Well, I have championed efforts to give more funding to hurricane research over the years, and I think the $300 million per year in funding for the National Hurricane Research Initiative proposed in 2007 by the President's National Science Board is what is needed. However, I think Grayson's proposed new hurricane center is a bad idea. Florida already has a world-leading facility for hurricane research, NOAA's Hurricane Research Division on Virginia Key, and does not need another. The U.S. hurricane research community has an infrastructure in place that works, and the best way to foster hurricane research is to pump money into this existing infrastructure. I talked with a number of senior hurricane research scientists about the idea of a new hurricane research center, and none of them supported it. It's great that Rep. Grayson's wants to put new much-needed funding into hurricane research, but he didn't consult with the experts to see if a new research center was a good way to do this. It isn't. Where are all of the scientists needed to staff such a center going to come from? Presumably, they will be drawn from existing successful research teams, leading to the disruption of these proven research efforts. Adding a new national research center with a new bureaucracy with new management needing on-the-job training will dilute and distract from current hurricane research efforts, and is not a good way to spend $50 million. Several senior hurricane research scientists are going to be reaching out to Rep. Grayson over the next few months to make him more aware of the abilities and needs of the hurricane research community. Hopefully, these efforts will result in a more productive way for the Congressman to boost hurricane research. If you live in Rep. Grayson's district, I recommend you contact him to express your desire to see him champion a more effective way to boost hurricane research than with his proposed $50 million hurricane research center. Putting the $50 million into the National Hurricane Research Initiative (HFIP) effort would be a better use of the funds. To his credit, Rep. Grayson is a co-sponsor of the National Hurricane Research Initiative of 2009 (H.R. 327), a bill introduced into the House of Representatives on January 8, 2009. This bill is a lesser ($150 million per year) version of the $300 million per year National Hurricane Research Initiative proposed in 2007 by the President's National Science Board.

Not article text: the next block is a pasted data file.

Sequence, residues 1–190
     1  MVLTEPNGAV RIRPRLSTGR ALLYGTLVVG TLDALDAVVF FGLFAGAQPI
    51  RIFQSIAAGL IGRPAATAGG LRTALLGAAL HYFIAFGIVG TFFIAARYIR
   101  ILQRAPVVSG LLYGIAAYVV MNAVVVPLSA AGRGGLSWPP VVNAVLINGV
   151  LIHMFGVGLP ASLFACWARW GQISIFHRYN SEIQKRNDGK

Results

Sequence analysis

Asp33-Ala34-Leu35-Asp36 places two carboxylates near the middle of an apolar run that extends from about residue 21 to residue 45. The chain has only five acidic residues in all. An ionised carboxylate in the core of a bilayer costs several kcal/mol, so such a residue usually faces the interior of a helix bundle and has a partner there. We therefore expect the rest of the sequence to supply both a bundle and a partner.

Good links for HFIP information are at:

http://www.nrc.noaa.gov/HFIPDraftPlan.html
http://www.dtcenter.org/plots/hrh_test/workshop20 09/presentations/1_Gall_HRH%20HFIP%20presentation. pdf

Some summaries of recent HFIP activities in the last year are at:

http://www.dtcenter.org/plots/hrh_test/index.php
http://rammb.cira.colostate.edu/research/tropical _cyclones/hfip/workshop_2009/

My next post will be Friday, when I'll have the first half of July hurricane outlook.

Jeff Masters

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I usually see a gator or two getting a tan across the street from my house on the banks of my pond.
Member Since: August 12, 2007 Posts: 2 Comments: 2838
"More alligators! (and ferrets, and beavers, and snakes...)
Recessions mean less disposable income, which means that you don't have as much money to spend on ridiculous discrentionary items like, say, hand bags made out of alligator skin. Such is the quandary facing Savoie's Alligator Farm in Louisiana, which in May hadn't sold a hide since November. Fortunately for all animals at risk of becoming pelts or luggage, the recession has been merciful."
Source: Link
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Big blow up of convection north of Costa Rica and Panama

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Quoting AllStar17:
Is the area in the Gulf of any interest?


No, but I'm glad that people are noticing it, because fronts in the Gulf of Mexico are things to be watched. In this case the upper trough is digging in and creating a baroclinic zone that is driving all the moisture and energy away to the NE. Basically the energy is getting funneled away from the tail-end of the front and not allowing it to consolidate enough to form a tropical low.
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Quoting CaneWarning:


Interesting. I guess I've just always assumed they were alligators.

That article says also there was one in SC...but they hate the cold.
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Quoting clwstmchasr:
Quoting CaneWarning:


Its a bow echo. I wouldn't be shocked if the area gets high winds with that.
I'm sitting right now at Howard Park watching it come in. Beautiful view


Looks like the storm has weakened just a little bit. Not as much thunder as 15 minutes ago. Not bowing as much either.


Yeah it looks more like a blob of heavy rain now.
Member Since: April 26, 2009 Posts: 3 Comments: 3667